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Sweet Spring Parsnips

Thursday, April 21, 2011

The appearance of jaunty, yellow daffodils is one of the first signs of spring. For farmers, their appearance also means it’s time to plant parsnips again, which, like daffodils, do best in soil that's around 40 degrees.

Spring parsnip planting means winter’s parsnips have been harvested and the local greenmarkets can be scoured for the few remaining root vegetables of the season. Spring brings the sweetest parsnips of the year due to frigid winter temperatures and mounds of snow on the ground.

“If they don’t freeze, then they’re not sweet," explains Jack Algiere (pictured below), the farm manager at Stone Barns Center for Food and Agriculture in Pocantico Hills, N.Y. “Parsnips need to get really cold. They do need to get all the way deep into the winter for that sugar to come out.”

Parsnips harvested this late in the season are gargantuan in size compared to smaller, younger ones. But size has no impact on flavor. Algiere notes that Dan Barber, executive chef and co-owner of Blue Hill at Stone Barns, likes to cut cross-sectioned “steaks” of large parsnips.

Parsnips, which are related to carrots, also have historically been used as a substitute for meat. Romans enjoyed the root vegetable, and parnsips have traditionally been eaten in place of meat during Lent or mixed with salt fish and butter for a traditional Lenten meal. Jack Algiere

In addition to planting parsnips, farmers are also busy now planting carrots, turnips, beets, radishes, lettuces, peas, and fava beans. And now that grass is growing again, animals are being moved out into pasture, a labor intensive feat at Stone Barns. Algiere adds (with a chuckle) that both animals and farmers are grateful for the warm weather and change in seasons.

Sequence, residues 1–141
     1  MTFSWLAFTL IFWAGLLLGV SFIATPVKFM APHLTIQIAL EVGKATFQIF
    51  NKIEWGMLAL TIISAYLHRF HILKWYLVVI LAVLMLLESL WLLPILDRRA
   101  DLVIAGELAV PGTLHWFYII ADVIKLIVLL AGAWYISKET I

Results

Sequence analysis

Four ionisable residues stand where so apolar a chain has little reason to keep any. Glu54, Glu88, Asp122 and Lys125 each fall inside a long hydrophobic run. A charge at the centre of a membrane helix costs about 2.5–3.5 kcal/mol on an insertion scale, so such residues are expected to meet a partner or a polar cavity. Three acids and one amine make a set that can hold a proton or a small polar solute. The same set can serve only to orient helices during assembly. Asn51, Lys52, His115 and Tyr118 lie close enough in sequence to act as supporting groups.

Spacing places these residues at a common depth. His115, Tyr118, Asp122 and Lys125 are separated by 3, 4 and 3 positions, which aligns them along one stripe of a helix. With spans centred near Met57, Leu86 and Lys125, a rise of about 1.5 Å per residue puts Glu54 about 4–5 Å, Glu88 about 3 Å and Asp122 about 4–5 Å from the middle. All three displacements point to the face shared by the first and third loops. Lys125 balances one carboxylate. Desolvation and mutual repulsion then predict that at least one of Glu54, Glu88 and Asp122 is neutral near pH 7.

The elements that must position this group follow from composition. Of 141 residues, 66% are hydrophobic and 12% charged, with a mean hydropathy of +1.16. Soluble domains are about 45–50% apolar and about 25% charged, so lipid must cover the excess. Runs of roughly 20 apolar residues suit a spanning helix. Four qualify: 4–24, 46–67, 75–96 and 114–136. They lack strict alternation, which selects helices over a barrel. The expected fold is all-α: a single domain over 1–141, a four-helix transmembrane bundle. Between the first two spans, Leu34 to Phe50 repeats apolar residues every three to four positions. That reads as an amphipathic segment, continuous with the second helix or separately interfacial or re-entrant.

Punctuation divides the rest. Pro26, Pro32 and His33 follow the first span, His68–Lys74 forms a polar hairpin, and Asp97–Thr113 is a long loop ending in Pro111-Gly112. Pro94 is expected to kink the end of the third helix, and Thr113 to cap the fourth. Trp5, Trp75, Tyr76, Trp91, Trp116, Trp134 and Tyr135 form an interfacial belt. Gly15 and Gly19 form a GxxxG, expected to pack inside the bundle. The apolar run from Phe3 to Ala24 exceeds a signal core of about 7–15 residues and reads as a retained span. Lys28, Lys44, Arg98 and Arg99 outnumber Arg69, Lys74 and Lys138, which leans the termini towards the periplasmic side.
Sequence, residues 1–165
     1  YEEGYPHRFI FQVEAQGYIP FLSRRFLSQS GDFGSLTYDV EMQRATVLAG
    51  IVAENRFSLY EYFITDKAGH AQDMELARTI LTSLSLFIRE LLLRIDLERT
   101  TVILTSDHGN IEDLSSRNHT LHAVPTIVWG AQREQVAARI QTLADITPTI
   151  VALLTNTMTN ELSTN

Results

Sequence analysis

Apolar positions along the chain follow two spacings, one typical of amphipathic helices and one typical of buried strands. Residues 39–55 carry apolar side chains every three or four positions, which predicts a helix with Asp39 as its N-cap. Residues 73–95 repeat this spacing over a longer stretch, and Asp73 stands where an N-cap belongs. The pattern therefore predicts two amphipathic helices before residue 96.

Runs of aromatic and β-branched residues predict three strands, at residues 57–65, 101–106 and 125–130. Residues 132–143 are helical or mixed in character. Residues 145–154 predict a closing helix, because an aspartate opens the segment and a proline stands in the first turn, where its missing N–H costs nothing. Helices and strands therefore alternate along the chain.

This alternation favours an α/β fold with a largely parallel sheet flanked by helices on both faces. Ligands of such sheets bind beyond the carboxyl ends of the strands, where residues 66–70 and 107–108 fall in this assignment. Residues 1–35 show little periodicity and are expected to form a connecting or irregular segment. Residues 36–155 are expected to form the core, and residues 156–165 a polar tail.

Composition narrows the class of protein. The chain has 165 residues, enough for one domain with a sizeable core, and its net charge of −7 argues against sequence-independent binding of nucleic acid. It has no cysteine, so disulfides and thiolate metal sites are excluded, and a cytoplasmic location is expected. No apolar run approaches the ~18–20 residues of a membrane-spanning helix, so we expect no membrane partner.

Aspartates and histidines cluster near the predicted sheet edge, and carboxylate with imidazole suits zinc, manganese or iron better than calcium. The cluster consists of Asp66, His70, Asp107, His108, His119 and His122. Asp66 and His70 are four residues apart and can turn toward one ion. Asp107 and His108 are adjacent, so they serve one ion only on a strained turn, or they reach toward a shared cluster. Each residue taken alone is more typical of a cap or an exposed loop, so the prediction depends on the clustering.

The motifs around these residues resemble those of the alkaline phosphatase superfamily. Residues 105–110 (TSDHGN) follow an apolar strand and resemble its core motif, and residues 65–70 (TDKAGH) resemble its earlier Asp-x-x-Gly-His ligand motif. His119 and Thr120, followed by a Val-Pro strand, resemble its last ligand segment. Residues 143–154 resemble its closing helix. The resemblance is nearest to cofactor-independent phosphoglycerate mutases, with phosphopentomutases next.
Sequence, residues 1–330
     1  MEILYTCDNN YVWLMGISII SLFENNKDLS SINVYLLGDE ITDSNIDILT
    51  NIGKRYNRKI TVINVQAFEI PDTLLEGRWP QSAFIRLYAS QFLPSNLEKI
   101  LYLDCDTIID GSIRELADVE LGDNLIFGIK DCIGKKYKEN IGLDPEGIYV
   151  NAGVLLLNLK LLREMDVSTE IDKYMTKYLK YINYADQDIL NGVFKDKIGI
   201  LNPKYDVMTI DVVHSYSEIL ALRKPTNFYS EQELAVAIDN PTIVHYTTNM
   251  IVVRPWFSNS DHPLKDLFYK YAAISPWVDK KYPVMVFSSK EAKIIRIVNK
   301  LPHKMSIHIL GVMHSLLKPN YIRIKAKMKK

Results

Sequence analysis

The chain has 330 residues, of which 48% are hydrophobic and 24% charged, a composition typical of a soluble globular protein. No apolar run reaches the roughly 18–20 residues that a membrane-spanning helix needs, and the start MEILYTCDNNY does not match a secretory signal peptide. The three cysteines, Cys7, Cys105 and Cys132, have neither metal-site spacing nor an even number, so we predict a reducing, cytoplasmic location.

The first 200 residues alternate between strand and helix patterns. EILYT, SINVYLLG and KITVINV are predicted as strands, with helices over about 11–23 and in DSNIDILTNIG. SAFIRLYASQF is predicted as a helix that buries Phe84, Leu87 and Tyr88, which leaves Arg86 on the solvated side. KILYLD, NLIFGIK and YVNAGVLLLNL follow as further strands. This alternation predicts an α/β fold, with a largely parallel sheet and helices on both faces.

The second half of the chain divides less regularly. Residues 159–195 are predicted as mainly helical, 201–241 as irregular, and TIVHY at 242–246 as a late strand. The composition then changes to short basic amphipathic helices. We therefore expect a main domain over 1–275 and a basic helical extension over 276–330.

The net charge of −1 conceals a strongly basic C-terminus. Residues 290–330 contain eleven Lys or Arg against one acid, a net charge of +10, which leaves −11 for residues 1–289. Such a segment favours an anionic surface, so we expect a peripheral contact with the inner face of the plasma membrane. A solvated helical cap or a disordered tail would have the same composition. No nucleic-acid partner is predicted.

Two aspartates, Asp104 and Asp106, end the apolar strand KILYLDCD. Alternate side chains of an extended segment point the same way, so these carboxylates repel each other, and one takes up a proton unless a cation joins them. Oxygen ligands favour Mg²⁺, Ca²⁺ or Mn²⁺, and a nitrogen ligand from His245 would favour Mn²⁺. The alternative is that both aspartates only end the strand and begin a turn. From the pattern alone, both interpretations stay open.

Try using some of the season’s last parsnips in this "Parsnip Soup" below.

Parsnip Soup
by Dan Barber, executive chef and co-owner of Blue Hill at Stone Barns
Serves 8

  • 1 lb parsnips, peeled and diced small (about 5-6 medium parsnips)
  • 2 leeks, white parts only, chopped
  • 5 shallots, chopped
  • 2 gloves garlic, minced
  • 1 apple, peeled and diced
  • 3 Tbsp vegetable oil
  • 2 Qts vegetable stock
  • salt and pepper

1. In a medium pot, heat oil over a medium-low flame; add leeks, shallots and garlic and sweat for about 10 minutes.
2. Add parsnips and apple and continue to cook for 5 minutes; season well with salt and pepper.
3. Add stock and bring to a simmer; cook at a simmer for 20 minutes.
4. Transfer to a blender and puree until smooth; pass through a fine mesh sieve and adjust seasoning.

Guests:

Jack Algiere

Hosted by:

Amy Eddings

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Comments [1]

"Wildman" Steve Brill from Mamaroneck, NY

The best parsnips in the world grow wild. We last found them on a foraging tour of the Appalachian Trail in Pawling, NY, a few weekends ago, growing just West of the AT RR stop, among the poison hemlock (which can kill you), and we may find more on other tours until they go out of season at the end of April.

My new app, WildEdibles by "Wildman" Steve Brill shows you how to distinguish the delicious from the deadly, and I have lots of tours throughout the Greater NY region focusing on all kinds of common, renewable, delicious wild edibles almost no one knows about. Check out wildmanstevebrill.com.

Happy Foraging!

"Wildman"

Apr. 22 2011 12:43 PM

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Last Chance Foods covers produce that’s about to go out of season, gives you a heads up on what’s still available at the farmers market and tells you how to keep it fresh through the winter.

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